III) was that judgments must be questioned until they are no longer open to correction. In this way, we may "doubt" God's existence up until we have done the work to show that the statement "God exists" is not open to correction lest we imply some self-contradiction, which the First Way most certainly does. Going back to Descartes, he could have stopped at many other points. He could have held the existence of the external world as just such a point much as where he did choose to stop.
Now, Owens notes your argument, I believe, when he goes on to say, "Taken literally, a "universal" doubt would eave nothing upon which ny certitude could be built, not even the tenet that nothing is certain. The latter tenet was not exempt from Skeptical epoche. . . . It has generally been combated. . . . Parker had maintained an initial state of certitude in regard to immediate judgments and of doubt in regard to "mediate propositions." (p.266-67)
So with that in mind, we can see why he says that GREEK skepticism is philosophically permissible, even if it is little more than a parasite. The whole idea is that this kind of Skepticism--and this in the Greek sense in particular--does not and cannot doubt the existence of what is immediately perceived (although it CAN doubt that what is being perceived is being properly interpreted). That s obviously not MODERN skepticism. Modern skepticism is just stupid for a host of reasons, not the least of them being precisely what you have noted. But there seems to be nothing self-contradictory about the claim that while our immediate judgments are unquestionable, the fact that all interpretations of those judgments are open to correction means that all philosophical knowledge is open to correction. The skepticism, then, does not extend to existence itself, but only to how one interprets existence.
I'm certainly not saying that I agree with that position. I'm saying that it can be held without self-contradiction. It's just that it is little more than a parasite, philosophically speaking. It cannot, by its nature, make any philosophical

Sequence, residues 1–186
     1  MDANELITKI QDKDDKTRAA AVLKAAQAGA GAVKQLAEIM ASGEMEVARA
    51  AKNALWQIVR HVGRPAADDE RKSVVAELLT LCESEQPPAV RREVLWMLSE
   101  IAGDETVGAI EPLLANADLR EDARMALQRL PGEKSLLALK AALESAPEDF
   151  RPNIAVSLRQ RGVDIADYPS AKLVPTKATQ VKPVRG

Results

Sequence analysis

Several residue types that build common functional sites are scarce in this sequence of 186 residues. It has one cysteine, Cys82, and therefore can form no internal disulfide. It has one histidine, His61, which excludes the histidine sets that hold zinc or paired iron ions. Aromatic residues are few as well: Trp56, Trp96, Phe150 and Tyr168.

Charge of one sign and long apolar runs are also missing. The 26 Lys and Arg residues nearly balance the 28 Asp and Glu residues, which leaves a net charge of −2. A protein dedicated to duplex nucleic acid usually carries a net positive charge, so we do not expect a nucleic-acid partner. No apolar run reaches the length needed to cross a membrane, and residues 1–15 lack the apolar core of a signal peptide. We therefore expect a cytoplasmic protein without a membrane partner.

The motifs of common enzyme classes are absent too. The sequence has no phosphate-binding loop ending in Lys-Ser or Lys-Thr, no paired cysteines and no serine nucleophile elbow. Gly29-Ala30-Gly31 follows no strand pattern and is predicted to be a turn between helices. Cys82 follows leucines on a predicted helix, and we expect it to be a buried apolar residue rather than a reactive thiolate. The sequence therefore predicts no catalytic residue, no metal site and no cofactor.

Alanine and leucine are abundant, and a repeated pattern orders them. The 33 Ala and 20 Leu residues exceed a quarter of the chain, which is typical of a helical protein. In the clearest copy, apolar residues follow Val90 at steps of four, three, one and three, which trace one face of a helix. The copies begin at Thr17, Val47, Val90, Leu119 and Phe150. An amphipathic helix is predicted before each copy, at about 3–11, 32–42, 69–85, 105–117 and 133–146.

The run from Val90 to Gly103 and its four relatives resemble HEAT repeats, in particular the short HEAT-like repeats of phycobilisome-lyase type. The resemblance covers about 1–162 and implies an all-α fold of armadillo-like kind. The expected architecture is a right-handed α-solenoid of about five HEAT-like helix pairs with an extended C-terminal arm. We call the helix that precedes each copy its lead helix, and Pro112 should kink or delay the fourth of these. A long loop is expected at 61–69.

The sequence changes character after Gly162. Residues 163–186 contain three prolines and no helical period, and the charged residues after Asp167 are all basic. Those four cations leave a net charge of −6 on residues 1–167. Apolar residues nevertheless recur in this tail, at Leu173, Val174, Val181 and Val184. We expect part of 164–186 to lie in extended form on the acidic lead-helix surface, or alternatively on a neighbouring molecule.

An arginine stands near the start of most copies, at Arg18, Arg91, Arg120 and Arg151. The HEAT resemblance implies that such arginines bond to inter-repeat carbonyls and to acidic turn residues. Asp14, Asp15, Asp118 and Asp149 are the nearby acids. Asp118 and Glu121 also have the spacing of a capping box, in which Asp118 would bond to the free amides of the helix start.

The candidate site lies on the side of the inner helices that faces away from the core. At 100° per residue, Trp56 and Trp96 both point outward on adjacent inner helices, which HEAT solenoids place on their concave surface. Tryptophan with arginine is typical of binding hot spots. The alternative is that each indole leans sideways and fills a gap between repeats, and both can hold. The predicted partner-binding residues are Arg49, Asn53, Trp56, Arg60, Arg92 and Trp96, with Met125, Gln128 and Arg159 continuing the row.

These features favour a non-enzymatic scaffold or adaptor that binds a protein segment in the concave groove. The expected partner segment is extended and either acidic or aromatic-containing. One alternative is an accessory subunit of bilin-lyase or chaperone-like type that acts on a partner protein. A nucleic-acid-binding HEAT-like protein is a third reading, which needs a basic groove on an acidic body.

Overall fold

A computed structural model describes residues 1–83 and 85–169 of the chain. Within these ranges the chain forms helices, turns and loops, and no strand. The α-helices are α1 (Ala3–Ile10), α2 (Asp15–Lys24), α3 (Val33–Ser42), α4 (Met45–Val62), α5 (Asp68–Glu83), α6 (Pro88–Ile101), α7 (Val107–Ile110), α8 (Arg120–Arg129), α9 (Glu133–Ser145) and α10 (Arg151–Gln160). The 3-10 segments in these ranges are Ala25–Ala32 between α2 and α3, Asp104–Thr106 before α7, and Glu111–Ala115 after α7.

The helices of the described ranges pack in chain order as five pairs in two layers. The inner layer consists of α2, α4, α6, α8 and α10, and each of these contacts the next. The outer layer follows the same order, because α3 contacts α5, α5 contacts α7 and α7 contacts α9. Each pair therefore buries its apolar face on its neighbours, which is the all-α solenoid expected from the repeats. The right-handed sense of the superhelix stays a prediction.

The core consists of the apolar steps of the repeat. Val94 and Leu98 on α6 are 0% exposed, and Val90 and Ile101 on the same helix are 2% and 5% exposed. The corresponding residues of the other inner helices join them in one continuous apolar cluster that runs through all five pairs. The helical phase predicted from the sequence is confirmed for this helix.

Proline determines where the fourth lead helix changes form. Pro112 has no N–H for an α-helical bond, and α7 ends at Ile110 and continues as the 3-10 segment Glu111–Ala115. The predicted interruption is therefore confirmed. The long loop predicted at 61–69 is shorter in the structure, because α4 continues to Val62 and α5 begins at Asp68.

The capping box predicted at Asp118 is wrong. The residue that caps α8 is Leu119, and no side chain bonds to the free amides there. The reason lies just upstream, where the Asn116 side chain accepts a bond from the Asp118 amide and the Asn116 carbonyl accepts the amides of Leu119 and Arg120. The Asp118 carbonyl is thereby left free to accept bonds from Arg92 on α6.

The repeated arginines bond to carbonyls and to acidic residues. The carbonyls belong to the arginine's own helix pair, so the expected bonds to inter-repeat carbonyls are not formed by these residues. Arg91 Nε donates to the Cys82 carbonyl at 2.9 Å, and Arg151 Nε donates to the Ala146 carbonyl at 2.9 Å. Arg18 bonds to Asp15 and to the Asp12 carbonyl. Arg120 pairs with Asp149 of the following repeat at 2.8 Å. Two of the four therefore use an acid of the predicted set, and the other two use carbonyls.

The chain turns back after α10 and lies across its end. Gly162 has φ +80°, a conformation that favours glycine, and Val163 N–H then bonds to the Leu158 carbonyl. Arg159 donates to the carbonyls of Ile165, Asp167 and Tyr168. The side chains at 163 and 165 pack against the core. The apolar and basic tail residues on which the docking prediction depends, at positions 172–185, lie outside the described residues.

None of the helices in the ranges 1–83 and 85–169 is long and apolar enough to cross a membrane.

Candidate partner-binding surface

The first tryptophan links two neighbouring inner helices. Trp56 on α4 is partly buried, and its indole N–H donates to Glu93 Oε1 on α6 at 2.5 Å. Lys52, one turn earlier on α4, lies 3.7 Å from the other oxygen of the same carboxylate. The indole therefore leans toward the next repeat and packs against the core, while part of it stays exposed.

claims--not even the claim that no philosophical knowledge is possible. The only thing it can do is respond to philosophical claims and charge that all such claims are based on what are fundamentally and necessary questionable claims, and therefore those claims must be "doubted" in the sense above (that is, as held to be open to correction--not that they cannot be held with conviction). As such, a Greek skeptic may hold with conviction the idea that philosophical truth cannot be known, but even that claim is not certain, because that itself is open to correction.
All in all, it's a much more nuanced position than modern skepticism, which is rather childish. But is it at all fulfilling or are we warranted in holding to it? I don't think so! But if we are going to argue against it, I think we should make good arguments against it rather than conflate it with something it isn't (modern skepticism).
Going back to my original point, btw, I think this discussion is helpful because it shows that modern atheism is at best
little more than Greek skepticism, which is boring at best and parasitic at worst and in either case almost certainly inconsistently applied; or at worst it is the type of skepticism you have identified, universal in the modern, rather childish sense, which is ultimately self-contradictory and plainly stupid.